The article also notes the troubling lack of security at the Arizona private prisons where many California prisoners are transferred. I’ve heard from prisoners who’ve done time in private prisons that they did not feel safe there. Paid a low hourly wage, private prison guards have little incentive to risk physical harm by intervening in violent situations. In addition, Ortega’s article points out that CCA does not perform full background checks on guards or check whether they have relationships with inmates.
On October 1, California will start diverting low-level felony offenders and parole violators to county jail, rather than state prison, when a new law, known as “realignment,” goes into effect. The law was proposed by Gov. Jerry Brown as a way to bring the California prison system into compliance with the Supreme Court’s order to alleviate overcrowding, and was enacted by the Legislature in March as AB 109. I thought I’d run through a few basics of how the law will work and round up some recent news coverage from around the state. If you’re looking for a more comprehensive resource, the ACLU of Northern California has produced a helpful guide (PDF) to the law and how counties can plan for the changes.
- How will AB 109 change California sentencing practices? As of October 1, the law transfers responsibility for punishing non-serious, non-violent, non-sex felony offenses to the county level, where misdemeanors are already handled. So rather than being sent to state prison, these low-level offenders will now be punished with a term in county jail or whatever alternative sanction the county comes up with. (For those familiar with the California Penal Code, generally we’re talking about felonies punishable by the “16 months/2 years/3 years” triad.) Read the rest of this entry »
The United States prison population has exploded over the past 40 years. But why? Have police been making more arrests? Have prosecutors been charging more people with crimes? Have judges been issuing longer sentences? Have parole boards become stricter? (All of the above?) Since many accounts of mass incarceration collapse “the criminal justice system” into a single monolith, it can be hard to know exactly what part of the system has driven the growth in the prison population.
A new empirical study by Fordham law professor John Pfaff aims to provide a more granular explanation of the causes of mass incarceration. Pfaff concludes that only one other relevant number has changed as dramatically as the prison population has: the number of felony case filings per arrest. In other words, police haven’t been arresting more people:
[B]etween 1982 and 1995, arrests rose by 26% (from 3,261,613 to 4,118,039) while mean [prison] admissions rose by 149% (from 212,415 to 530,642); between 1995 and 2007, arrests fell by 28.6% while admissions rose by another 31.9%. It is thus clear that arrests are not driving the growth in incarceration—and by extension neither are trends in crime levels, since their effect is wholly mediated by these arrest rates.
Rather, prosecutors have become more likely to charge those arrested with crimes: Read the rest of this entry »
Should more states join the seven that offer ex-prisoners the opportunity to earn “certificates of rehabilitation”? In a new paper, NYU law professor Joy Radice draws lessons from the 50-year history of these certificates in New York, the first state to introduce a program of this type. Here’s the abstract:
After years of swelling prison populations, the reentry into society of people with criminal convictions has become a central criminal justice issue. Scholars, advocates, judges, and lawmakers have repeatedly emphasized that, even after prison, punishment continues from severe civil penalties that are imposed by federal and state statutes on anyone with a conviction. To alleviate the impact of these punishments, they have increasingly endorsed state legislation that creates certificates of rehabilitation. Seven states offer these postconviction certificates, and six others proposed such legislation in 2011. Many look to New York’s statute as the best model because it is the oldest and most robust. Yet no article has examined New York’s experience with Certificates of Rehabilitation.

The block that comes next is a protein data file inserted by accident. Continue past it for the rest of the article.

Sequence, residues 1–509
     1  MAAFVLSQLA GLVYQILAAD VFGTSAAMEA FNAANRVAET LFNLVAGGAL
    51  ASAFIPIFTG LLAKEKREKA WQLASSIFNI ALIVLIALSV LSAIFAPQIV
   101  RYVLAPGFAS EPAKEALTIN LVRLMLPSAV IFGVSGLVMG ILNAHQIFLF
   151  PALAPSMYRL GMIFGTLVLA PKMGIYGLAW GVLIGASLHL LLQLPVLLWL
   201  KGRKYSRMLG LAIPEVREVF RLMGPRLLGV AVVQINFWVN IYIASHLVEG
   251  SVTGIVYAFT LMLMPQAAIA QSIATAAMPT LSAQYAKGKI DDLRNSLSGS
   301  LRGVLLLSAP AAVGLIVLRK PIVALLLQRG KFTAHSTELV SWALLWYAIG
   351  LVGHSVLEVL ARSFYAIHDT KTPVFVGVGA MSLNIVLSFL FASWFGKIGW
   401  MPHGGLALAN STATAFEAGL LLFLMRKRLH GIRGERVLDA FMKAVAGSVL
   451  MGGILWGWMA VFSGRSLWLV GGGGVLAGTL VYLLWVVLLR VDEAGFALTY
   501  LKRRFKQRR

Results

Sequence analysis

This Article draws lessons from the fifty-year history of New York’s Certificates of Rehabilitation to describe features of an ideal administrative mechanism that removes statutory barriers to reentry. I argue that a model Certificate of Rehabilitation statute will have a strong enforcement mechanism and clear directives for administering authorities. Successful implementation also requires committed administrative leadership and an effective means for making certificates accessible to the population they serve. Certificates of Rehabilitation do not erase a person’s criminal history, but they offer legal and social recognition that after a criminal conviction, a person deserves a second chance.
At my local Borders yesterday I noticed not just one but two magazines on the newsstand featuring criminal justice topics this month:
- YES! Magazine‘s Beyond Prisons issue features articles on Washington State’s prison university program, Maori responses to youth crime, Hawaii’s women’s prison, and more. For activists, organizers, etc.: YES! licenses all its content through Creative Commons, so you can reprint the articles in your own publications without worrying about copyright. Just make sure you follow the magazine’s reprint guidelines here.
- Reason Magazine‘s Criminal Injustice issue includes pieces on the California prison guards’ union, the relationship between incarceration and the crime rate, sexual assault behind bars, the immigration detention system, and more.
Continuing what seems to be this week’s theme of LWOP here at the Prison Law Blog, here’s UCLA law professor Sharon Dolovich:
Of the 2.3 million people currently behind bars in the United States, only 41,000 – a mere 1.7% – are doing LWOP. Based on these numbers, one might well regard LWOP as the anomaly, and certainly not emblematic of the system as a whole. … I argue that it is LWOP that most effectively captures the central motivating aim of the contemporary American carceral system: the permanent exclusion from the shared social space of the people marked as prisoners. This exclusionist system has no real investment in successful reentry. … If this project is to be abandoned and its destructive effects reversed, the implicit assumption that individuals who have been subject to criminal punishment have thereby forfeited their status as fellow citizens and fellow human beings must be confronted and rejected.
That’s from the abstract to Dolovich’s new paper, “Creating the Permanent Prisoner,” available on SSRN. It’s from the compilation Life without Parole: America’s New Death Penalty?, forthcoming from NYU Press.